“How to get poems published” is a common keyword phrase used by poets who don’t know quite where to begin. I recommend simplifying by dividing poetry into “chapters” which I consider as separate chapbooks. If you go with one “chapter” at a time, there isn’t a long wait either in accumulating enough publish-worthy material or in the actual publishing process. It also saves money in the short term (sort of like financing without paying interest).
“Chapters” (potential chapbooks) can be divided by date or by subject. This is self-explanatory: Christina Taylor poetry, 2000-2002; Christina Taylor poetry, 2002-2005; etc. The years of the poems would likely be the chapbook’s subtitle. One would probably choose the title of his/her most shining poem within each collection as the actual chapbook title, and begin or end the manuscript with that particular poem. (I’ll get into manuscripts in the near future.)
Some people prefer to divide poems by subject. This is a strategy that would appeal to readers who favor particular subjects (i.e., love poems or poems on observations during world travels). Either way, the result is small collections that can be grouped into a larger corpus up the timeline. If we scan the Table of Contents of various poetry books that focus on singular poets, we often find that the entire book is apparently a collection of smaller books. Some poets will comb through their work and choose the best of each collection in compiling “the big one.”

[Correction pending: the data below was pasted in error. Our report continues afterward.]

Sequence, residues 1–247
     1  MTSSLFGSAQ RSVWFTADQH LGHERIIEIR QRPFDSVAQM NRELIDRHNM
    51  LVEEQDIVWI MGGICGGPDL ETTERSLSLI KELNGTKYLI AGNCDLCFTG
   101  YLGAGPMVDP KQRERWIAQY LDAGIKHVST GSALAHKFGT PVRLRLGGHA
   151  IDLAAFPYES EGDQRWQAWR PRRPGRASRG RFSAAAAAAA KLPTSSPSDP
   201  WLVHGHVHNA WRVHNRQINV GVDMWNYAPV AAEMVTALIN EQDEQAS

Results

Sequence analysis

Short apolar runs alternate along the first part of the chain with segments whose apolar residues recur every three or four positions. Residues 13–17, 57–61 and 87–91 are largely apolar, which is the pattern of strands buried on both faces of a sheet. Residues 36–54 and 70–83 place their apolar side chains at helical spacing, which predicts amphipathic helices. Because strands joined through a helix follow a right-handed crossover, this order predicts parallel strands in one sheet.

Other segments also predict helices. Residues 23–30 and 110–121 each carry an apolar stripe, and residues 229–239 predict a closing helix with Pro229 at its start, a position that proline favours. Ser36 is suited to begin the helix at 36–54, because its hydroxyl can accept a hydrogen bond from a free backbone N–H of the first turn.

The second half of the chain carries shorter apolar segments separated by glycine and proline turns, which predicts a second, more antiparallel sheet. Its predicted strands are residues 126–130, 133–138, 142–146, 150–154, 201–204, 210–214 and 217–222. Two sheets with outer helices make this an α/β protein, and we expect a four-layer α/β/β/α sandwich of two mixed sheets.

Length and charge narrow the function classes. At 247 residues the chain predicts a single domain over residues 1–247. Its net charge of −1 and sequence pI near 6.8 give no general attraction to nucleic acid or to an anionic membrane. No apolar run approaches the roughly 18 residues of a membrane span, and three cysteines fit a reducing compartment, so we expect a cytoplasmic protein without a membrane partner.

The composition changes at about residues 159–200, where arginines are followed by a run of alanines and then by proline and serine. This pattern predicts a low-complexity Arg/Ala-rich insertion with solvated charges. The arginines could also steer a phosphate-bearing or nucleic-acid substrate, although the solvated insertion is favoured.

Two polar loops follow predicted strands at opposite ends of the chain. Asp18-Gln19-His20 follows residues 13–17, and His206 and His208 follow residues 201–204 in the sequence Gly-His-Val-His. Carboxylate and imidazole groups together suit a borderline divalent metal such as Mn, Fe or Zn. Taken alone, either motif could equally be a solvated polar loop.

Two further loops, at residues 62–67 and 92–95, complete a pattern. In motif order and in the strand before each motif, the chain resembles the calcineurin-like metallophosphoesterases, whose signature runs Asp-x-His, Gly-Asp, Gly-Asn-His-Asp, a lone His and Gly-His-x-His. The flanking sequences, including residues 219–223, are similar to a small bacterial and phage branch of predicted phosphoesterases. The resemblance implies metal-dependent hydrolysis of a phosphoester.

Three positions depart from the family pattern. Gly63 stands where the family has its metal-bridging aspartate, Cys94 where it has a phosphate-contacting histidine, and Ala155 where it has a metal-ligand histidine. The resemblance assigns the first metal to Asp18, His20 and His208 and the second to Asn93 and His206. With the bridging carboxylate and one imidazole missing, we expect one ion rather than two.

Let us rewind and take it one collection at a time. Once poems are divided by date or by subject, find a publisher online who specializes in chapbooks (as always, I recommend myself via Middle Island Press). The price should be considerably less than perfect-bound book publishing which costs according to quality of materials as well as the number of pages. (While it appears organized, I don’t believe in charging for every little thing, personally. I believe in offering a flat rate and promising the best possible quality.)
To begin small and simple and present one “chapter” at a time is to pay in installments, essentially, but it is also to build readership and gain momentum while sharing something that looks more personal, more “gifty.”
We chapbook publishers are an author-friendly bunch. Nobody should feel intimidated by approaching us with questions or manuscripts, or while tiptoeing around the Internet wondering “how to get poems published”… We will be happy to guide you through the process.
(Middle Island Press is one of the best chapbook publishers on the Internet.)